Krishnarao :- Yeah, our policy is very simple. We want to be there. We want to be seen with our brands, wherever the eyeballs are there. So if the eyeballs are on television, we’ll be there for sure. If the eyeballs are moving to digital, we’ll be there as well. We just identify the mass platforms where we can showcase our brands. So there isn’t really any…I think it’s a very basic philosophy that we want our brands to be seen where our consumers are. If consumers are shifting away from television, there are a lot of consumers who now do not watch television. They have connected, they have smart TVs. For example, with a smartphone and during COVID times, it became extremely important for every member of the household to have a gadget, be it a smallest phone or the mid-sized tablet, or the laptop, desktop, whatever it is. So it became extremely critical for every member of the household. Earlier parents would say refrain from having a mobile, but now they were forced to give it to them along with unlimited data. So which means you have inculcated habits of digital amongst the children, amongst all members of the household. Now, that habit, though we have started offline colleges and institutions, but that habit has continued and there is that much more consumption of content. So from that perspective, I think it has become extremely important to address the audience or viewers on every platform. So if there are certain markets, print still does very well. So we choose print as a vehicle. Certain markets, we may want to do some activation or some other kind of a promotion. And in modern trade, we treat modern trade very, very differently. E-commerce advertising is also very critical. So if you are on any e-commerce portal, we do visibility on those platforms. So we want to be seen wherever our brands are available and there is a possibility of our brands getting picked up.
Kaushal :- That’s really good. We see lots of ads across various platforms, YouTube, et cetera. So thanks at least for stating that and helping the Brand Marketers. Let’s say if you were given this magical ability of traveling back in time and you went back to the year 1995, where the young Krishnarao just graduated from his B-School and became an MBA, what would you tell this young Krishnarao to do differently this time?
Krishnarao :- Very difficult question. Frankly speaking, I would have said the young Krishnarao to be a lot more humble. So I think that’s something that I think that is something I would have definitely advised. Other than that, I don’t think I would have suggested anything else.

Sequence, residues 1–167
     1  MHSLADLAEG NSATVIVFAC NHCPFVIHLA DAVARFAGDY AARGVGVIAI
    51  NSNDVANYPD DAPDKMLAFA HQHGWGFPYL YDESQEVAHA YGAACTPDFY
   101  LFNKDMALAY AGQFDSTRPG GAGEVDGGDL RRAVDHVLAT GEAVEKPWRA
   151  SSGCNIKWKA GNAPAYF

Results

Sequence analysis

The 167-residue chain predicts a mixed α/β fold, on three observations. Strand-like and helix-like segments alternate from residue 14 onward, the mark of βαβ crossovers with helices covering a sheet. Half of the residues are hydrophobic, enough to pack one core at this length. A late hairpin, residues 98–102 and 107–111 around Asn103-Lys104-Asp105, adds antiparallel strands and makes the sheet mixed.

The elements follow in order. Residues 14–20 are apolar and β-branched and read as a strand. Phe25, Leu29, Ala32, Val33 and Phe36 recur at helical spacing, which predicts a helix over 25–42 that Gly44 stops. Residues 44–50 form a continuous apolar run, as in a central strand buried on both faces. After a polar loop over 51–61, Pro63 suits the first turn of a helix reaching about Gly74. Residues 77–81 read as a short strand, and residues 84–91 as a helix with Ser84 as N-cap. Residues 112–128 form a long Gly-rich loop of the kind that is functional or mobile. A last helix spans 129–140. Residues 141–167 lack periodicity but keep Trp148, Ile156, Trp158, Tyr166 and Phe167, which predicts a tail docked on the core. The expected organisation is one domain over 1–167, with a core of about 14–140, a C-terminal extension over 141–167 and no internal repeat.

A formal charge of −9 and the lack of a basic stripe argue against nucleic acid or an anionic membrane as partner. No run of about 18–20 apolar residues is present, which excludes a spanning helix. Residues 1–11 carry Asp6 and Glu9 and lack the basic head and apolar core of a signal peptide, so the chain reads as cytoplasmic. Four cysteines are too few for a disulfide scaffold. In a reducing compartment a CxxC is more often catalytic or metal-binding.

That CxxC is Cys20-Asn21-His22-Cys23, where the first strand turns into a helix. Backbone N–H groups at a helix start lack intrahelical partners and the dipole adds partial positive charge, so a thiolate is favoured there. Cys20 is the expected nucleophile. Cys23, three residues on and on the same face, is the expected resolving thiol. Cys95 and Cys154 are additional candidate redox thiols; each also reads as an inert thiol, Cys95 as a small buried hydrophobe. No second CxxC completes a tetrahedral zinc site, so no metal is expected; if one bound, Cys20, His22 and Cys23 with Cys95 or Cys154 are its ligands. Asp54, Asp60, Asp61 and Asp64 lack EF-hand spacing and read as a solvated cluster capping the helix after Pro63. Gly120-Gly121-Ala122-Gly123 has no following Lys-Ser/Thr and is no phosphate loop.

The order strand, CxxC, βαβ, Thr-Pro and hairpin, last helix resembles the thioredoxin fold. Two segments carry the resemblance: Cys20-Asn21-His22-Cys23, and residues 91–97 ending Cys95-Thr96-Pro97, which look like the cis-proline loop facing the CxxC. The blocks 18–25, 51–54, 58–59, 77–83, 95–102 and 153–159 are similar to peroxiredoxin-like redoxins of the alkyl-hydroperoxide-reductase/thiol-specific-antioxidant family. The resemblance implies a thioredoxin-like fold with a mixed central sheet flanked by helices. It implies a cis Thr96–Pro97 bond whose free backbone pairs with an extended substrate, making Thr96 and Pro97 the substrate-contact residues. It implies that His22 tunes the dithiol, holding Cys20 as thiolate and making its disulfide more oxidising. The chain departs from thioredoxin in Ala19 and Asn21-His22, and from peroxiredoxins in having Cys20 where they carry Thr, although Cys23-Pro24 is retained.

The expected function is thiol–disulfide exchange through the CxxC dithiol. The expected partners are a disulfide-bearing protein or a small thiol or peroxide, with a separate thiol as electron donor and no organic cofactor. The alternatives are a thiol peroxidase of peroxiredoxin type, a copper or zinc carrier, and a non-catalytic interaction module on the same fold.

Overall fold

Kaushal :- Wonderful! Thanks for answering. Yes. Okay. The other thing which I would like to ask you is imagine that you’re being watched live by millions of people today. What is the most important learning of your life that you would like to share with these marketers and growth leaders?
Krishnarao :- I think, when we as professionals or even as an individual or an entrepreneur, when we think of any idea… So I am saying, please let us not start by saying that, “let us do this and we’ll make so much money.” I think that should never ever be the target. We should always have a thought process and this is more so to every individual and every entrepreneur that I want to bring…I want to make this world a better place. Okay? And here is what I have an idea. And with this idea I want to make my people around me happy. I want to make my prospects or my consumers happy. Again. I’m saying, “money will happen…will fall in place.” So there is a consideration once I’m offering somebody something, obviously I’m going to get some money. And so but that should not be at the core. The core should be how am I going to improve your life? By offering a better product you will feel happy. By offering a better service you will feel happy. So whenever you come up with anything, don’t say, “Chal ye karte hai aur apna paisa banaenge.” No. That will not ever be the objective. So my advice is, just focus on offering and making the world around you a better place. And I think the rest of everything will fall in place.
Kaushal :- Thank you. Really nice message. Making the world a better place. That’s wonderful. Thanks a lot Mr. Krishnarao for joining us today. These were really amazing learnings. Not only the last one of making the world a better place, but having a positive mindset, thinking more about the consumers before yourself. Those are some amazing lessons which we have learned today on this particular talk with you. So thanks a lot for joining us and we are really grateful for you for having you on this particular show.
Krishnarao :- Thank you so much, Kaushal. The pleasure is entirely mine and I wish you and everyone at Infidigit and The Growth Genius, a wonderful journey and success. I’m sure, again, The Growth Genius and Infidigit will bring in some value addition to the people around you and around, in the country, and outside the country, across the globe and it will make a better place for everyone. Thank you once again.
Kaushal :- Thanks a lot. Those are blessings itself. Thank you for..Absolutely. Thank you. Thank you so much for joining us on this episode of The Growth Genius. I hope you learned more about growth and marketing from Mr. Krishnarao Buddha today. I also hope that you implement his teachings of positive energy, making others happy, thinking bigger than life and addressing the needs of the consumers. If you did, please share the most important takeaway from today’s talk in the YouTube comments section below. Thank you. Now go out there and create growth for yourself and your organization. See you next week.